If former Bears quarterback Jay Cutler's playing career is over -- and it certainly appears that way -- he isn't going far from the game.
Cutler will start a new career as a FOX Sports color analyst, joining the team of Kevin Burkhardt and Charles Davis, it was announced Friday.
Cutler, appearing Friday afternoon on the Waddle and Silvy Show on ESPN 1000-AM, was asked if his decision to retire was permanent.
"Yeah, yeah, I think so. Yeah, I mean yeah, I think so," Cutler said in a less-than-convincing reply before adding more definitively: "Yeah it is. I don't really see anything else happening. I'm happy with where I am in my life and really the future going forward, so yeah, we can go ahead and stamp that. It's permanent."
Last year, in his final season and his eighth with the Bears, Cutler was limited to five games because of a torn labrum in his throwing shoulder that occurred on the final play of the Bears' 22-16 loss to the New York Giants on Nov. 20. That injury landed him on injured reserve, causing him to miss the final six games of the season. He concluded his Bears career with a 51-51 career record as a starter.
Cutler was released by the Bears on March 9. Although he had discussions with the Houston Texans and New York Jets, neither of those arrangements materialized. He still struggled, he said, with his decision to step away from the game.
"It wasn't easy," said Cutler, who turned 34 last week. "It's just one of those things that you know when you know. I just felt like the time was right and the situations I was being presented with steered me in this direction."
Cutler is scheduled to make his FOX debut Aug. 27 in the Bears' third preseason game against the Tennessee Titans in Nashville, where he recently relocated from the Chicago area with his wife, Kristin Cavallari, and their three young sons.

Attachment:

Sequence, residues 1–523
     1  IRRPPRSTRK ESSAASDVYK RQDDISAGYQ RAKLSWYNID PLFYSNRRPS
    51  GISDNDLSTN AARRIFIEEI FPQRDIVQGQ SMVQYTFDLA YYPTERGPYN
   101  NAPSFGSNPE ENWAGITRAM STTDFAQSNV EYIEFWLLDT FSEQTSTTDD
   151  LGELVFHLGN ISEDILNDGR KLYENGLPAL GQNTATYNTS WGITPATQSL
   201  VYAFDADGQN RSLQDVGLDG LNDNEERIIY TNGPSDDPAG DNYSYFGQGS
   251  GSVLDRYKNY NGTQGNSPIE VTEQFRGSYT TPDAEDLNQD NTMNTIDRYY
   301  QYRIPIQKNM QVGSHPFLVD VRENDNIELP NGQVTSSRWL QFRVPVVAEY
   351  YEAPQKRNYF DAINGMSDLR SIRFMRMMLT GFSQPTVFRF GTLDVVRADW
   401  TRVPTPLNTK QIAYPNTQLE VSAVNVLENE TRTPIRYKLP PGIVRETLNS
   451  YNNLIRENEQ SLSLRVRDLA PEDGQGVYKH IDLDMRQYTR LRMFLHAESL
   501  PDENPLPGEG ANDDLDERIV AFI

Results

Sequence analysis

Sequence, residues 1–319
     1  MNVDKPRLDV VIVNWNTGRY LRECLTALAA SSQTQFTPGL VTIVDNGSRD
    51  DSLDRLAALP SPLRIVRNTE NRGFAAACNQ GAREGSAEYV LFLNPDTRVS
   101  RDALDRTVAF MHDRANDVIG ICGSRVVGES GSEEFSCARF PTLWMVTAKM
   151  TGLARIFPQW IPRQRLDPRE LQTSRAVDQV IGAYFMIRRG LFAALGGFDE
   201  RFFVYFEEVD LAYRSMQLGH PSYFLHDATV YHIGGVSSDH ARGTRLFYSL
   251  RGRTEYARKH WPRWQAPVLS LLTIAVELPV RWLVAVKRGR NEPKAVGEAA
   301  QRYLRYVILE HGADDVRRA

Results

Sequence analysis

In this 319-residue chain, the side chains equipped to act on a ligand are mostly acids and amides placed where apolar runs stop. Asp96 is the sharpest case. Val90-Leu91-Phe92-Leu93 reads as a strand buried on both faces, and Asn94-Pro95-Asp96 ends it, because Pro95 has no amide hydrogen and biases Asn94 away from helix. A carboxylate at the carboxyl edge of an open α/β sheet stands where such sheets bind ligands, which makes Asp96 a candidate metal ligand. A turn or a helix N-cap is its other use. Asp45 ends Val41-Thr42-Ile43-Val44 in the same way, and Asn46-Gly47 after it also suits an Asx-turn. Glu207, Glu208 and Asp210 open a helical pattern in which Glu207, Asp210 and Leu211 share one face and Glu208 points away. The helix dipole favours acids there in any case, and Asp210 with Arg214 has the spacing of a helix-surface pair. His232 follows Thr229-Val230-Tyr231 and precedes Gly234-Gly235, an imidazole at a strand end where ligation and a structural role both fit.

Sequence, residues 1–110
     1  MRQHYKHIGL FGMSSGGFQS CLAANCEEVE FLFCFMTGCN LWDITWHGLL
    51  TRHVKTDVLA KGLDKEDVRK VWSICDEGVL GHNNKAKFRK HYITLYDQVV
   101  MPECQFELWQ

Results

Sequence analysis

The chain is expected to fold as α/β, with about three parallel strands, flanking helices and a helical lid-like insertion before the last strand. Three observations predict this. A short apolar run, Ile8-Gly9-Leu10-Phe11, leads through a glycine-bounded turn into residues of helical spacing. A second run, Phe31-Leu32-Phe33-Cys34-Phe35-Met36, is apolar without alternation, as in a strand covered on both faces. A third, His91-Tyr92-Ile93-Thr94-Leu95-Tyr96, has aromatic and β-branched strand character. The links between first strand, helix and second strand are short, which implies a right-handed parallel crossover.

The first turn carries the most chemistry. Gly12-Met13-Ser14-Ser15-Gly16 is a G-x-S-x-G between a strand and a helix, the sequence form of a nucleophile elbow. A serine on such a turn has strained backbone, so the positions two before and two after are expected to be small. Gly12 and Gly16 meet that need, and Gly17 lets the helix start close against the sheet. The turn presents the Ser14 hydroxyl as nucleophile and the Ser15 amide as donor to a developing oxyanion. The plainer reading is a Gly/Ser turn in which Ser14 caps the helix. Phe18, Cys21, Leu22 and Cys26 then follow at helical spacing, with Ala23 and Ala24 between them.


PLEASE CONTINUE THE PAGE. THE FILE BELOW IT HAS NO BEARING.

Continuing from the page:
"It was hard," Cutler said of leaving Chicago. "All of our kids were born here, I met Kristin here. A lot of memories."
He said he knows he will have some regrets down the line about not playing.
"That's going to happen. Come the middle of August, there's going to be that itch to play," Cutler said. "There's going to be part of me that feels I can still be competitive -- I know that I still can do it. But that's not how the cards played out."
Cutler originally had a standoffish relationship with media in Chicago, but in the past several years has been much more engaging and often flashed a quick wit and sense of humor during interviews.
That humorous side should play well at FOX, as it did during Friday's radio appearance, as Cutler described a conversation with his wife.
"Kris was asking me, 'What are you going to do now?' " Cutler said. "I said, 'I'm just gonna hang around the house.' She said, 'That's not gonna work for anybody.' "
Cutler said he has been acting as a de facto nanny recently with Cavallari gone for a couple days.
"How are the kids?" he was asked.
"Alive," he said, laughing.
In 2015, Cutler enjoyed the best statistical season of his 11-year career. He posted a personal-best 92.3 passer rating while throwing 21 touchdown passes and 11 interceptions. But last year's 78.1 passer rating was the second lowest of his career after his first season with the Bears, when he threw 27 TD passes and a league-high 26 interceptions.